1. Seems like it would've been a good episode for Halloween time, but yeah its placement in the season is really bizarre. I have to think it was mean to be sort of an homage to the classic 1960s haunted house horror film, the Haunting as they both feature Julie Harris.

  2. This episode is significant in another way. It is the first time we see the bat-shit-crazy side of Val. That side of her comes back several times throughout the series. It is a very creepy episode!

  3. I was about the add the same comment as UNKNOWN. It definitely feels like a tribute to The Haunting. I'm gonna guess that the show used that tie-in to get some extra press for the episode that week. Up until S4, I'm always assuming the KL producers are writing with an eye on how CBS might be better able to promote the show and get more eyes on it.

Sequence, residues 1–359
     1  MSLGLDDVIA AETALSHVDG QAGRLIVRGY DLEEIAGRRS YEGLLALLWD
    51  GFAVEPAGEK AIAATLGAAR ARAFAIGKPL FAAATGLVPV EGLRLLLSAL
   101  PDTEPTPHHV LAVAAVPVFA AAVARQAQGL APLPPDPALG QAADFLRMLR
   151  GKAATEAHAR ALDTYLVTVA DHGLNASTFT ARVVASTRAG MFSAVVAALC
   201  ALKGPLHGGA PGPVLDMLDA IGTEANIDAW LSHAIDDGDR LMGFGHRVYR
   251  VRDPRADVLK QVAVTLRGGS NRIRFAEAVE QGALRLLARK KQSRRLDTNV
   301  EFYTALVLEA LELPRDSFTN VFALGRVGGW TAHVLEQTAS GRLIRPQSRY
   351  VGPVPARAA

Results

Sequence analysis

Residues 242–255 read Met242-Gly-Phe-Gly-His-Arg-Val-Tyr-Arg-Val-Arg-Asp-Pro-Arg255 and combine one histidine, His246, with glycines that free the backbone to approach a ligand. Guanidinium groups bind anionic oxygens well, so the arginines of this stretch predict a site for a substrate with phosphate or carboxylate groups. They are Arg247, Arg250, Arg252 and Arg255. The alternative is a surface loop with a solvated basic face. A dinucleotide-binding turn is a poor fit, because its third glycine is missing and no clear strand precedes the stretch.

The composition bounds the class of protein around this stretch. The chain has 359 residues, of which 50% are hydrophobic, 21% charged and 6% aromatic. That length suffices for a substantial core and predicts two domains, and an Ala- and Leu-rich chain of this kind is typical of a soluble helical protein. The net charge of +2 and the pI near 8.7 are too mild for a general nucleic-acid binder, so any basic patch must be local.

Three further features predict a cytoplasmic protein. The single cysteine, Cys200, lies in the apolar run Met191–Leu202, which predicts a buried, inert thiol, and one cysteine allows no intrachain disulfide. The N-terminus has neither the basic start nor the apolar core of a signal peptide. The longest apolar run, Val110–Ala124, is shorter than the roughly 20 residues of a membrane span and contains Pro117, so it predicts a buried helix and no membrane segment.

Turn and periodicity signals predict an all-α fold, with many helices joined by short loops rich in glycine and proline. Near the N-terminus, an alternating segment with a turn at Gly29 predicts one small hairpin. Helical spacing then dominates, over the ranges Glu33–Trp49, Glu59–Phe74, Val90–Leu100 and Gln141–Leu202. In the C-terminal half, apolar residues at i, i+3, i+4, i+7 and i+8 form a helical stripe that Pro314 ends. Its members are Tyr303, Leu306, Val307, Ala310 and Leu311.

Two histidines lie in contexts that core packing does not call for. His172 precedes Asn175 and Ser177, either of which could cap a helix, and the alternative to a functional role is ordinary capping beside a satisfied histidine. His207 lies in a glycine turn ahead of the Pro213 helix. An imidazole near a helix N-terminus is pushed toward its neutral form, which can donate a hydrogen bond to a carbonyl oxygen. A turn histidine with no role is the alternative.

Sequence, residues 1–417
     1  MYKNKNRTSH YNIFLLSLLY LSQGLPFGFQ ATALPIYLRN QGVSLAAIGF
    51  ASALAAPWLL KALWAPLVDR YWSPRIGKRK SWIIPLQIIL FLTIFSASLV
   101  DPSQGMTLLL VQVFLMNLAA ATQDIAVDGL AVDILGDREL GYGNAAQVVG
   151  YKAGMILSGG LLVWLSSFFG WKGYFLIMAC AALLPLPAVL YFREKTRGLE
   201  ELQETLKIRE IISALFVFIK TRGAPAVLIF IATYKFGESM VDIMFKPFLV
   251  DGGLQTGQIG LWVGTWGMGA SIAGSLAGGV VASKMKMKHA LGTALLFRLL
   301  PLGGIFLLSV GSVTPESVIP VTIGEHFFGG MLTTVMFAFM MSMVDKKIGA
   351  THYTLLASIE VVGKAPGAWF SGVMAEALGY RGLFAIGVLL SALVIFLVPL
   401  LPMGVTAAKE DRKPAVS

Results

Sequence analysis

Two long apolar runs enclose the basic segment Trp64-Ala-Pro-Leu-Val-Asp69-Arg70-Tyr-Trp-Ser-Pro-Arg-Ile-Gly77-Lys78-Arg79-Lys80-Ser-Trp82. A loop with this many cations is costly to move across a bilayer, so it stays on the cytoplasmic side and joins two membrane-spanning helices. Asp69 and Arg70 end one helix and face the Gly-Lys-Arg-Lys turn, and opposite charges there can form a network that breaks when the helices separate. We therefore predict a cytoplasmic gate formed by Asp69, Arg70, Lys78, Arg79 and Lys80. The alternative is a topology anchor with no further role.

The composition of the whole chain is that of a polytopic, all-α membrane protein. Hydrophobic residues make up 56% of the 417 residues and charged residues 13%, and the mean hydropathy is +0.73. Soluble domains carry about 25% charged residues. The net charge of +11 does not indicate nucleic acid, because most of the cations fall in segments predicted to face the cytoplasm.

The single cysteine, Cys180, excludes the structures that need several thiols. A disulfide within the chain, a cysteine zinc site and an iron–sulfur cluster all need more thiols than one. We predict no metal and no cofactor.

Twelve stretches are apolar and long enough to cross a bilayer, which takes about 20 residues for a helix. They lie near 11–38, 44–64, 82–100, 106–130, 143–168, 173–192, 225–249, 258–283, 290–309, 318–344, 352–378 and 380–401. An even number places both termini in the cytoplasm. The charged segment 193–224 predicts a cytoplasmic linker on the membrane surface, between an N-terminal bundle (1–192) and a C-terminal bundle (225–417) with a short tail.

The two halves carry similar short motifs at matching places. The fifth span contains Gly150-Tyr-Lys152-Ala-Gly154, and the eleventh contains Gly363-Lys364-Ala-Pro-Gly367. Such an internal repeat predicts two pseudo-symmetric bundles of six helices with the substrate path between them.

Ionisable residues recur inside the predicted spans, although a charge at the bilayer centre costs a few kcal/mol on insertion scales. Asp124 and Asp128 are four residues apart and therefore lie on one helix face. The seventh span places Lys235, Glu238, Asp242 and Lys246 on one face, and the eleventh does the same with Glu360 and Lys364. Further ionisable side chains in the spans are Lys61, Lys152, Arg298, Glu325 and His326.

4. Oh I remember this episode from my childhood. I was terrified to sleep alone for weeks!!!

  5. Just a sidenote: the facade of the spooky mansion is actually the house at Lotusland in Montecito, CA. Btw, I actually enjoyed this episode too. Not sure why or how it fit into the KL storyline but the nod to the movie, "The Haunting" with Julie Harris seems plausible.

  6. Thank you for writing about this episode. I remember it vividly from watching it as a child. It scared the crap out of me. But whenever I mention it to anyone, they think I made it up. Even big fans of the show I've talked to don't remember it. I started to think I had indeed made it up when I randomly googled it yesterday and came to your site. Loved reliving the episode as I read your blog on it. Best to you!

  7. Maybe if the show had put in a line where Val admits she invited Abby.. it could have provided a thin connection between the previous episode and this one (i.e. if all the women leave without Abby.. maybe Abby/Gary would have spent time together, etc).